- The general state of the skin on the legs
- The patient’s preference
If the affected area is judged to be thin and not likely to cause problems, your dermatologist may simply suggest that it is kept under observation in a clinic, or in some cases by yourself or by your GP.
Self care (What can I do?)
- From now on, you should take sensible precautions to prevent additional patches of Bowen’s disease developing. This means:
- Protecting your skin with clothing, and not forgetting to wear a hat that protects your scalp, face, neck and ears, and a pair of UV protective sunglasses
- Spending time in the shade between 10am and 3pm when it’s sunny.
- Choosing a sunscreen with a high protection SPF (SPF 30 or more) to protect against UVB, and looking for the UVA circle logo and/or 4 or 5 UVA stars to protect against UVA. Apply plenty of sunscreen 15 to 30 minutes before going out in the sun, and reapply frequently, especially after swimming, and in accordance with manufacturer’s recommendations.
- Check your skin regularly for new patches.
- The smaller your patch of Bowen’s disease is, the better the results of treatment are likely to be. If you think another one is developing, see your doctor about it promptly.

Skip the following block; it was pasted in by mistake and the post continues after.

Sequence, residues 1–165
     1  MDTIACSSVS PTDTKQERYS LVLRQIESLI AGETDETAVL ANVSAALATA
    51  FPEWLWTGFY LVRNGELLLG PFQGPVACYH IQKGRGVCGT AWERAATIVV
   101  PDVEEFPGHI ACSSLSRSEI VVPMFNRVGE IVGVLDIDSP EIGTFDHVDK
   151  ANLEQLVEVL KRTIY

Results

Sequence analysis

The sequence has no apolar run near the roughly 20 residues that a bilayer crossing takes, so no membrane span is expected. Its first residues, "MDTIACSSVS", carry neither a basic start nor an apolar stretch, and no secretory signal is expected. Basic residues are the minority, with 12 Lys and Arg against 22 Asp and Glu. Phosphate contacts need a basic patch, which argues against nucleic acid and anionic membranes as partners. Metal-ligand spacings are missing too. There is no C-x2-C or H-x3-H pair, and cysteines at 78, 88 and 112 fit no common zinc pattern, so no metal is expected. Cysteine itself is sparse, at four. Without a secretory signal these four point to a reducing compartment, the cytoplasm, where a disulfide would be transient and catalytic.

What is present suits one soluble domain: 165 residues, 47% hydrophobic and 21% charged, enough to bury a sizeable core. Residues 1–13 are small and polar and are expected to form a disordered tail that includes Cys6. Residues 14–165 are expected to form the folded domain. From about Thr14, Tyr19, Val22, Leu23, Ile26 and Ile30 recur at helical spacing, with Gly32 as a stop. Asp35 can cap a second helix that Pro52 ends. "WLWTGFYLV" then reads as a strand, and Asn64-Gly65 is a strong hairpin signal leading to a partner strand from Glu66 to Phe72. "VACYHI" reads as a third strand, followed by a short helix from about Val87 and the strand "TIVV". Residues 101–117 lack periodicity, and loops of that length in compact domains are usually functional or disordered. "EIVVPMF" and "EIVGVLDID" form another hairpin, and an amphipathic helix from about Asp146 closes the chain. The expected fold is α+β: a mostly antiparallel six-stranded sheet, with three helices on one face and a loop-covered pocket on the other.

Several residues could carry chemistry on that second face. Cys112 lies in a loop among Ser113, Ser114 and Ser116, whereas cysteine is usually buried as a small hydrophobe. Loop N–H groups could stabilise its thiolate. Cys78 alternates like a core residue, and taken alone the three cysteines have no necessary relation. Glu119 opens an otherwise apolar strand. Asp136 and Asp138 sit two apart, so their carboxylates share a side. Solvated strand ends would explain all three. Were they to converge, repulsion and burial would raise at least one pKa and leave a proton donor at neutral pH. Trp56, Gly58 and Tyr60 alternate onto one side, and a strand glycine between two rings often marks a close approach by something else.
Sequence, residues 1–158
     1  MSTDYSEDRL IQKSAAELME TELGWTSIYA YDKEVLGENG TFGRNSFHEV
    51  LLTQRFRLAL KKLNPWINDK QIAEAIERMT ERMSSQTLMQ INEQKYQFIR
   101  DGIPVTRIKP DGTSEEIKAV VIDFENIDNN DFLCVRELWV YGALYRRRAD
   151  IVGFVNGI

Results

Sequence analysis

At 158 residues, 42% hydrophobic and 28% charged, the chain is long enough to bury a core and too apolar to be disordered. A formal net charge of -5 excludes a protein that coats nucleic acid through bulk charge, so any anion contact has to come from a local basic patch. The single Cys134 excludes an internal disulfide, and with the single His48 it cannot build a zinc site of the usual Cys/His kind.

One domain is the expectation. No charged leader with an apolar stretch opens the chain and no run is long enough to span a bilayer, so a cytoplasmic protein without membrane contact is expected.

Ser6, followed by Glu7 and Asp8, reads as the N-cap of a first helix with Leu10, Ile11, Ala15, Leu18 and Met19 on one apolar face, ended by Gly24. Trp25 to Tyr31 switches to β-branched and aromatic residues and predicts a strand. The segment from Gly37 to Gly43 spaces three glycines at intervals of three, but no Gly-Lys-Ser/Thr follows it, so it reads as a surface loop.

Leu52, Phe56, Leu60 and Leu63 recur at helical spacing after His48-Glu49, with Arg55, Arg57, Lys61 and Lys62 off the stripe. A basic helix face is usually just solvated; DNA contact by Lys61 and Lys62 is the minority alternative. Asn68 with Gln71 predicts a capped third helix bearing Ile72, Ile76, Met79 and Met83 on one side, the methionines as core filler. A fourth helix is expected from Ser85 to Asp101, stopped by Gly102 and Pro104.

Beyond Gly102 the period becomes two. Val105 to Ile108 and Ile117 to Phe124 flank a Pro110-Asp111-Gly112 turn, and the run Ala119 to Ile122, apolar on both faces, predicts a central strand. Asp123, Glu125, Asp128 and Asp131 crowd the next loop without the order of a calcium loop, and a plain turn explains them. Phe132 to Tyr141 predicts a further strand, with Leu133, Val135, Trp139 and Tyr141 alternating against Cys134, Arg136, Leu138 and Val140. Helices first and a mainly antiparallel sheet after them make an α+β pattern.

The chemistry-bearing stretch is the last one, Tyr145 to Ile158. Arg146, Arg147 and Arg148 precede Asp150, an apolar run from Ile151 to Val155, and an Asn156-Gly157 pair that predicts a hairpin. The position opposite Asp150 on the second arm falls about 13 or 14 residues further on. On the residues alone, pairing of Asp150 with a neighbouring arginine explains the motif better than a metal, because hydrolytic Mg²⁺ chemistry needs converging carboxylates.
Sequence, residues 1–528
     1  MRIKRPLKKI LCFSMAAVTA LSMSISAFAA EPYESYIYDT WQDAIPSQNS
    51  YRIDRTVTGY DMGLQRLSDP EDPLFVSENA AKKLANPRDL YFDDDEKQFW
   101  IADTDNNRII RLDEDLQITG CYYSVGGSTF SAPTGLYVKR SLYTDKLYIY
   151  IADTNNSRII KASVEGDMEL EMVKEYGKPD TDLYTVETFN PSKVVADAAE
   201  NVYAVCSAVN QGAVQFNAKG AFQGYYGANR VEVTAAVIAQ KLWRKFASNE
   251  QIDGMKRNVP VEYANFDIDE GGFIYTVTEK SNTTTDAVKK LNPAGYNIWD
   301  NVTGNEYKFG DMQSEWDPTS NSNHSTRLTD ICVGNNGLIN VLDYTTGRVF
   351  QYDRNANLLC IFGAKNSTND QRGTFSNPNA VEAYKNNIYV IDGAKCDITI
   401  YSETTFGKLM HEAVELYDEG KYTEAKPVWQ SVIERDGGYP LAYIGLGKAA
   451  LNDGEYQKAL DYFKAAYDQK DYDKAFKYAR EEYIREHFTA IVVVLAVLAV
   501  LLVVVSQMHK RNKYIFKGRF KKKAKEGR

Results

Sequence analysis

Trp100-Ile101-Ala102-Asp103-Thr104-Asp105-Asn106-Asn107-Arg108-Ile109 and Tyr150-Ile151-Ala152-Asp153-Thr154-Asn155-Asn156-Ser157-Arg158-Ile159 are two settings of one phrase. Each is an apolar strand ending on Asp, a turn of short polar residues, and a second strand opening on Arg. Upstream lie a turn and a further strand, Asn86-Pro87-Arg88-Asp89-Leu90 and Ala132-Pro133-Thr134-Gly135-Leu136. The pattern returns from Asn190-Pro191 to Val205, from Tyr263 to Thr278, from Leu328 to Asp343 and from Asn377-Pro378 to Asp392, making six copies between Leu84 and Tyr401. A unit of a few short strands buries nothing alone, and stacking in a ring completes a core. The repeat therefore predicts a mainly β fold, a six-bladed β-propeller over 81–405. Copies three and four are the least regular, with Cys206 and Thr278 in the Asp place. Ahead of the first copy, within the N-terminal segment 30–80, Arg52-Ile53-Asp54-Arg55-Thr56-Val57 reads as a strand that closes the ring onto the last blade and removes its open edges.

- If your patch changes in any way (e.g. bleeds, ulcerates or develops a lump) contact your doctor as soon as possible as this could be the start of an invasive skin cancer.
Vitamin D advice
The evidence relating to the health effects of serum Vitamin D levels, sunlight exposure and Vitamin D intake remains inconclusive. Avoiding all sunlight exposure if you suffer from light sensitivity, or to reduce the risk of melanoma and other skin cancers, may be associated with Vitamin D deficiency.
Individuals avoiding all sun exposure should consider having their serum Vitamin D measured. If levels are reduced or deficient they may wish to consider taking supplementary vitamin D3, 10-25 micrograms per day, and increasing their intake of foods high in Vitamin D such as oily fish, eggs, meat, fortified margarines and cereals. Vitamin D3 supplements are widely available from health food shops.
This information is provided by the British Association of Dermatologists.